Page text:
Long Ashton is a village towards the south-west of Bristol and technically just outside the Bristol city urban area boundary. The village and civil parish fall under the Unitary Authority of North Somerset but is close enough to the centre of Bristol so as to make it an ideal location for visiting this part of the country with easy access to the city.
It is a very cosy place to stay with a population of just over 6,000, with the parish including Leigh Woods and the nearby hamlet of Yanley.
Long Ashton’s properties tend to be very mixed in style with many old ones but plenty of new ones too, as well as a wide variety of sizes ranging from rather large to pretty small. The area is quaint and known for its numerous green areas, woods and open spaces which give it a real country feel despite being situated just over a couple of miles from the busy hub of Bristol city centre.
Long Ashton Location in Bristol
The village was originally built on the slopes of a valley, on the south-facing side that runs east to west. The site of the village is actually on the old road that ran from Bristol down to Weston-super-Mare, though this has long since been replaced in function by the A370. Colitters Way connects Long Ashton to everywhere along the southernmost tip of Gloucestershire, while the aforementioned A370 takes you right into the heart of Bristol city centre.
The surrounding areas around Long Ashton include trendy Southville to the north-east along with Ashton Gate and Ashton Court to the north. The latter includes an old country mansion on a large estate which plays host to numerous events throughout the year and is a popular spot for walkers and mountain bikers (there are several trails in nearby Leigh Woods).
Public transport options aren’t exactly overwhelming in the immediate vicinity of Long Ashton, but there are buses nearby that connect to the rest of Bristol. The closest railway station is Parson Street, located about two and a half miles to the east of Long Ashton. A little further along is Bedminster station. The train services are operated by Great Western Railway.
The History of Long Ashton
Historians generally accept that the village of Long Ashton originated in Saxon times, although it is also true that both prehistoric and Roman artefacts have been unearthed in the area, particularly at the site of the Gatcombe Roman Settlement.
The name ‘Long Ashton’ derives from two waterways the village is close to, one being the Longmoor Brook and the other being the Ashton Brook, thus Long Ashton was formed as a combination of the two. The Domesday Book, compiled by order of William the Conqueror and completed in 1086, records the village name as ‘Estune’, which purportedly means ‘the place by the ash tree’.
The village used to have its own railway connection as a station was built on Yanley Lane back in 1926, but it only lasted fifteen years before it was closed. One place that has stood the test of time is the Angel Inn pub, which was originally a church house built in 1495. There are actually several historically interesting pubs in the area, but the Angel Inn is the oldest, and still in business since being converted into a pub.
Shopping in Long Ashton
As a small village, most of the best shopping will be located nearer the city centre in the more commercial areas, but there are still some nice places in Long Ashton itself. There is Long Ashton Village Market on Keedwell Hill where you can buy fresh produce direct from the source, and Gatcombe Farm Shop a little bit further out on Weston Road in Flax Bourton to the west.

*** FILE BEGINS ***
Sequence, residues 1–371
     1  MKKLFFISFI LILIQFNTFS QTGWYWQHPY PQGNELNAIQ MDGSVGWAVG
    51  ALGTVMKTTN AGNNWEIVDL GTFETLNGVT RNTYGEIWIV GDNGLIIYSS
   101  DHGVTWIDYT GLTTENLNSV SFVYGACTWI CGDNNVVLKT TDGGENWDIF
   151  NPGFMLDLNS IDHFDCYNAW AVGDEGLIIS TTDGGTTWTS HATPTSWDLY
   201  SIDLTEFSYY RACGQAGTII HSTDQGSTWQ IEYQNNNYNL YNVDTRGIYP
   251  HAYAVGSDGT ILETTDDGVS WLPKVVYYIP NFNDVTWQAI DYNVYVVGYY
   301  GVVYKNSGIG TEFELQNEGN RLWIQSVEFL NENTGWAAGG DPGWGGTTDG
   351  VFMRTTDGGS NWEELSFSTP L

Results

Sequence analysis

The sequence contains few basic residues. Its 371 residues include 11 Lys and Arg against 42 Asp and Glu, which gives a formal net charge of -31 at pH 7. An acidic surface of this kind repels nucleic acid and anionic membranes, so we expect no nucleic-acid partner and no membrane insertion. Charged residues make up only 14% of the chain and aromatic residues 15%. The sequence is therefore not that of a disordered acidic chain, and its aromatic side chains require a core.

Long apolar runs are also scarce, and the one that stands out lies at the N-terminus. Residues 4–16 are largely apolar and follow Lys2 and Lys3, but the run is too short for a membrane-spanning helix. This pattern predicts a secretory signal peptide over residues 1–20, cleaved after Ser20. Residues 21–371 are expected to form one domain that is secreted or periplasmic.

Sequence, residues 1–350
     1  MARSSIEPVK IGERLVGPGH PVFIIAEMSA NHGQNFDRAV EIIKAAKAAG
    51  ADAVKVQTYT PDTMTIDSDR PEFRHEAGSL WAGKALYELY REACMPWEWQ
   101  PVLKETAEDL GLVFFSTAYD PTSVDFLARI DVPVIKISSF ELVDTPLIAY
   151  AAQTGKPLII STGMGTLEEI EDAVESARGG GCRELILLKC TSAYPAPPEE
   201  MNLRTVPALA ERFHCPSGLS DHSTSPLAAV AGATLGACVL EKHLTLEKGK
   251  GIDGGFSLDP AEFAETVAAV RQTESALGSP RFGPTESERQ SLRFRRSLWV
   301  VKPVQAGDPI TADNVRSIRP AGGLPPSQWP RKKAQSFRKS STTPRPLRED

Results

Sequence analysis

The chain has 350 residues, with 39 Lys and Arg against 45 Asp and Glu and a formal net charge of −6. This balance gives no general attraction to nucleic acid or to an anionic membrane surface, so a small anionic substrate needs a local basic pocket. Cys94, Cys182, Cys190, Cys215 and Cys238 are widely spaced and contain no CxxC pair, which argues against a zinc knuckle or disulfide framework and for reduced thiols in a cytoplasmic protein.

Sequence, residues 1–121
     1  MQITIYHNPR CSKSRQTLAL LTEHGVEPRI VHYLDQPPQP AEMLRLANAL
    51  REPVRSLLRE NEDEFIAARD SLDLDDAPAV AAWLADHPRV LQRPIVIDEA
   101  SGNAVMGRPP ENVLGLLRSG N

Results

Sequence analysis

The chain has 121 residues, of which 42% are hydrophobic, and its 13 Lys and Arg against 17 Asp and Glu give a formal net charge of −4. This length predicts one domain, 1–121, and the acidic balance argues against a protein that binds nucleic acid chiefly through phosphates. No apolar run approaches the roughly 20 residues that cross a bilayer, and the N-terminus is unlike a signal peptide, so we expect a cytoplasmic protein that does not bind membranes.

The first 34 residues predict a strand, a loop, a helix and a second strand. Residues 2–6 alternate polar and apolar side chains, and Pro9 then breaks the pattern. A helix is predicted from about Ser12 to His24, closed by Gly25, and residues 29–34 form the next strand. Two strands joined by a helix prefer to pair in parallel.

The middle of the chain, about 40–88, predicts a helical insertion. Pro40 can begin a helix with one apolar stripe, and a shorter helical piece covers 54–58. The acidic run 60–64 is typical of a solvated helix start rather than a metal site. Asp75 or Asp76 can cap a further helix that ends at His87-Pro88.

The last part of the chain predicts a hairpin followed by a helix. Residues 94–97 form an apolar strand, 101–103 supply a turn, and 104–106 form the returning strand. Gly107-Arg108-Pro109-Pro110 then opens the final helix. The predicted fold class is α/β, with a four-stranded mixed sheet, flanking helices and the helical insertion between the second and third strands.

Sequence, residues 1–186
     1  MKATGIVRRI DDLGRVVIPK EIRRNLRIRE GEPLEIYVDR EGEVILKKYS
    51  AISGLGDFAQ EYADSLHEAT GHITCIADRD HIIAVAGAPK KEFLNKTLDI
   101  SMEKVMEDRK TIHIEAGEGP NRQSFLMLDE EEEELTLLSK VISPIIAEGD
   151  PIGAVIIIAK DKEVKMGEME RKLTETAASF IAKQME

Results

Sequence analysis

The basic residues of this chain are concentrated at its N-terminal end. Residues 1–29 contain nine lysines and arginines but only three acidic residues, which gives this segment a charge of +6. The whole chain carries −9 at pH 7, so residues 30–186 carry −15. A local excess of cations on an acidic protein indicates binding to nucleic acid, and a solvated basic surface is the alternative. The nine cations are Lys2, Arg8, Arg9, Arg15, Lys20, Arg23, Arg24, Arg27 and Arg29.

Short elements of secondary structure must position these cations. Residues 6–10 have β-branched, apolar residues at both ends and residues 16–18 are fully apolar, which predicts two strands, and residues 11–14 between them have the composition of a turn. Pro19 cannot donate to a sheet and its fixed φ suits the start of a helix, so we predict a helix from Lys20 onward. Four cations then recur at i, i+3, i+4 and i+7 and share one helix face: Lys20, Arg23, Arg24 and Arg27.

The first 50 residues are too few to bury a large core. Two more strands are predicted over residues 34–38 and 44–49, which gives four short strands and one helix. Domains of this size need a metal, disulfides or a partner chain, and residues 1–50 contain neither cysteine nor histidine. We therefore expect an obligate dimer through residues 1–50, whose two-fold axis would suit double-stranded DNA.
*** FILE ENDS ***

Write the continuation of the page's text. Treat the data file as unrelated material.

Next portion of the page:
There are a number of independent shops as well, such as the self-explanatory Guitar Finishers on Glebe Road, Sivana Home that sells rugs, and a pottery store called Jane Booth Ceramics.
Long Ashton Bars and Restaurants
Again, there are lots more options the closer to the city centre you get, but even just in and around Long Ashton, there are a good few eating options to consider.
The Ashton is a traditional British pub setting serving real ales and classic pub food in a rustic environment that includes an open fire and beer garden.
The Bird in Hand is another good quality gastropub option, while a bit further out on Gatcombe Lane is the Greedy Goose restaurant.
The Spice Inn on Providence Rise provides lots of lovely Indian food and is open late, while the Sun-Fung Fish Bar on Weston Road offers excellent Chinese food as well as traditional fish and chips. More tasty options are provided by the efficiently-named Piccolo’s Fish and Chips and Pizza.
As for pubs, the Angel Inn, the Ashton and the Bird in Hand have featured already but add to those the Miners Rest which is very cosy and features outdoor seating. The Jubilee Inn on Main Road in Flax Bourton to the east is also worth consideration as it is also rather cosy (as are most pubs in this area) and also has outdoor seating to enjoy during the weather.
Other Long Ashton Attractions and Places of Interest
One of the most attractive aspects of living or staying in Long Ashton is all the open spaces and green areas. To the north is Ashton Court Estate, where amongst other events you can witness the Bristol International Balloon Fiesta every August.
It is Europe’s largest annual gathering of hot air balloons, attracting over 130 of them from all over the world. It is held over four days and is completely free to visit, with charges only made for parking. It is an unforgettable event that is definitely worth factoring into your plans.
Even without such an amazing spectacle, the other nearby green spaces make staying in Long Ashton a rewarding and relaxing experience.